Tailor your HARO pitch to the specific journalist or outlet you are targeting. Take the time to research their work and areas of interest. When responding to a query, address the main points or questions of the journalist’s request directly. Focus on how your expertise can contribute to their story and highlight the unique angle you can provide.

5. Proofread and Edit Your Pitch

Before hitting the send button, make sure to thoroughly proofread and edit your HARO pitch. Mistakes and typos can make your pitch seem unprofessional and decrease your chances of being selected. Double-check for grammar, spelling, and punctuation errors. Read your pitch aloud or ask someone else to review it to ensure clarity and coherence.

6. Include Relevant Examples or Case Studies

Support your pitch with relevant examples or case studies. Providing concrete evidence can make your pitch more compelling and help journalists understand the value you can bring to their story. Include links to previous work or articles you have written, demonstrating your expertise in the subject matter.

7. Follow the Journalist’s Guidelines

Journalists have specific guidelines for submissions, so be sure to adhere to them. Pay attention to word limits, submission deadlines, and any additional requirements mentioned in the query. Failure to follow instructions may result in your pitch being disregarded.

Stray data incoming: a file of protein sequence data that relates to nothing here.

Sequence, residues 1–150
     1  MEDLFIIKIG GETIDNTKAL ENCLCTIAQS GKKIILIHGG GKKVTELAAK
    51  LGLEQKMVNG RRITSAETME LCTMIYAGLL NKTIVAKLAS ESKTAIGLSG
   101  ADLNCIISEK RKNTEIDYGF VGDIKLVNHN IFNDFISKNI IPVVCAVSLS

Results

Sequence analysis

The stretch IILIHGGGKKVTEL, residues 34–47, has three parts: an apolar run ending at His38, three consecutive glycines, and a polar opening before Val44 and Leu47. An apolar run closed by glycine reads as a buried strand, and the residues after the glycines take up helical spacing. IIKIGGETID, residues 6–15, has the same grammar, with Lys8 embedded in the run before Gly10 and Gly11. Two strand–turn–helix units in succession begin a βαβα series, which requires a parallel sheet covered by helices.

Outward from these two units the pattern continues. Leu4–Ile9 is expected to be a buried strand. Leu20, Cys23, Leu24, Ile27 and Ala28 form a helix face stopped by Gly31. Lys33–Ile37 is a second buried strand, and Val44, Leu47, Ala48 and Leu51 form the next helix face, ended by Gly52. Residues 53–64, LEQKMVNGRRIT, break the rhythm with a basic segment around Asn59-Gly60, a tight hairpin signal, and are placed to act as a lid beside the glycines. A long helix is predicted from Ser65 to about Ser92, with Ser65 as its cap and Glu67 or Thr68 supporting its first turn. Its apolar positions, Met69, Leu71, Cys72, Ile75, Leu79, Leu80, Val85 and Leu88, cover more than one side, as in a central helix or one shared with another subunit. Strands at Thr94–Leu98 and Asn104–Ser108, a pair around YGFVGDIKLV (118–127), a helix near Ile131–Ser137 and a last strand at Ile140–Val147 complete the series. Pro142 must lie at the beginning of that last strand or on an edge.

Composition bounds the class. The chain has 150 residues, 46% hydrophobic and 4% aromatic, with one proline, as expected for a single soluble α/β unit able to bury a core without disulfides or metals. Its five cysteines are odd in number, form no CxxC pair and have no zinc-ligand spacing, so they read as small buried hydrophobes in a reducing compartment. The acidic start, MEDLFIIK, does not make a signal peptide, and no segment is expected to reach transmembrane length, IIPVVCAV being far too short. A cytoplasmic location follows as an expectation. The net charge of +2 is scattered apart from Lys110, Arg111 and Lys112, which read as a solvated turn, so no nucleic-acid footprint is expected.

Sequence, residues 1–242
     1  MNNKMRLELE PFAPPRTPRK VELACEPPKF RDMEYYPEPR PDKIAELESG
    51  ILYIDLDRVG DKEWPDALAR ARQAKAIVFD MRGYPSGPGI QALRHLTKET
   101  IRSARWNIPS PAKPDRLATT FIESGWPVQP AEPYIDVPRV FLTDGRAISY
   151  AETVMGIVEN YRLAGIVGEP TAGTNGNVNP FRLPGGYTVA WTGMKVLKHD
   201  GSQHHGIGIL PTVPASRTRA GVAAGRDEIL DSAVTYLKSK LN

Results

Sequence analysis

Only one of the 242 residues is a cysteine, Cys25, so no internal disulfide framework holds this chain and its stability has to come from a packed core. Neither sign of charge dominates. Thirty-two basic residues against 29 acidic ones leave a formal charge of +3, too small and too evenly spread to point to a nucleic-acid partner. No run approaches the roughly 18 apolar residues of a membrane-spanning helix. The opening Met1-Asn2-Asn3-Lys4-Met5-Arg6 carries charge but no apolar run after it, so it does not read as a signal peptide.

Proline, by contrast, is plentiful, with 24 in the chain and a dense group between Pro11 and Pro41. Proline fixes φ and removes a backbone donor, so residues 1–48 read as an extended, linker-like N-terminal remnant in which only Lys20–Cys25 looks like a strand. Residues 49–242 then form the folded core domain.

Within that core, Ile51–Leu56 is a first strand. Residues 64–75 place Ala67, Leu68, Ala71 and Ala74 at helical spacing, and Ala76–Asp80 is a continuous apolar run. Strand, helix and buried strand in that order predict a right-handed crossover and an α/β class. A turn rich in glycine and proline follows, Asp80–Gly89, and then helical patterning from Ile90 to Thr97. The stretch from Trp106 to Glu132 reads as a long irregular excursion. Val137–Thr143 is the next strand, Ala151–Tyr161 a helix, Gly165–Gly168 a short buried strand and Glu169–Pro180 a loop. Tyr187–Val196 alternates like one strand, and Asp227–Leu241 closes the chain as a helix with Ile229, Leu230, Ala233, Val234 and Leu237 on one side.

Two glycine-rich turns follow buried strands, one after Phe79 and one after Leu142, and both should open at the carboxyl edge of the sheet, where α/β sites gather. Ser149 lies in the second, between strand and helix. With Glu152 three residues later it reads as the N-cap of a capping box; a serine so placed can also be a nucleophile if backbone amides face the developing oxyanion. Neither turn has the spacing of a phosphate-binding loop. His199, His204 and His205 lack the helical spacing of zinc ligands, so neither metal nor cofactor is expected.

8. Avoid Excessive Self-Promotion

While it’s important to showcase your expertise, it’s equally important to strike a balance and avoid coming across as overly self-promotional. Focus on providing value and positioning yourself as a helpful resource. Build a relationship based on trust and collaboration rather than solely promoting yourself or your business.

Tips to Writing a HARO Pitch

Taking the time to understand the basics of HARO pitches is crucial for successfully leveraging this powerful tool. By grasping the purpose and mechanics behind HARO, individuals can effectively connect with journalists and increase their chances of securing media coverage. From crafting an attention-grabbing subject line to showcasing expertise and credibility, there are several key elements to consider when constructing a HARO pitch.

One of the first steps to creating a compelling HARO pitch is to craft an attention-grabbing subject line. This is the initial impression a journalist will have of your pitch, so it must be concise, informative, and enticing. By clearly stating the topic and highlighting its relevancy to the journalist’s beat, you can increase the likelihood of your pitch being opened and considered.

Structuring a compelling introduction is equally important in capturing a journalist’s interest. Start with a concise and engaging summary of the story or angle you are pitching. This introduction should be concise, well-organized, and highlight the unique value you bring to the table. By emphasizing the newsworthiness and relevance of your pitch, you can pique the journalist’s curiosity and encourage them to continue reading.